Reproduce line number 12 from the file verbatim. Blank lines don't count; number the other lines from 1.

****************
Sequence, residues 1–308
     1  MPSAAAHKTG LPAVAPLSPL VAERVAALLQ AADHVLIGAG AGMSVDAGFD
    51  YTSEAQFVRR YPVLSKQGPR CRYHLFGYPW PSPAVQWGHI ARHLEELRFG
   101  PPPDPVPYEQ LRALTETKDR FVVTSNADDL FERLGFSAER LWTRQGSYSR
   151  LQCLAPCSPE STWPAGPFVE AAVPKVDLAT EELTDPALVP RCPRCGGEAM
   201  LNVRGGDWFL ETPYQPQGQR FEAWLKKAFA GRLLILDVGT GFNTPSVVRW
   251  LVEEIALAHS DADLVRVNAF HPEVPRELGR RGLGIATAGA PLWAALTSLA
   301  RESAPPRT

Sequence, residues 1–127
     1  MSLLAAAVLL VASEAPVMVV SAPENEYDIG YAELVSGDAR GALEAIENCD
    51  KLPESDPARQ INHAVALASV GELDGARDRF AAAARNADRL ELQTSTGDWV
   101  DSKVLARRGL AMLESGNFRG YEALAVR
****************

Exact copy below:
   101  DSKVLARRGL AMLESGNFRG YEALAVR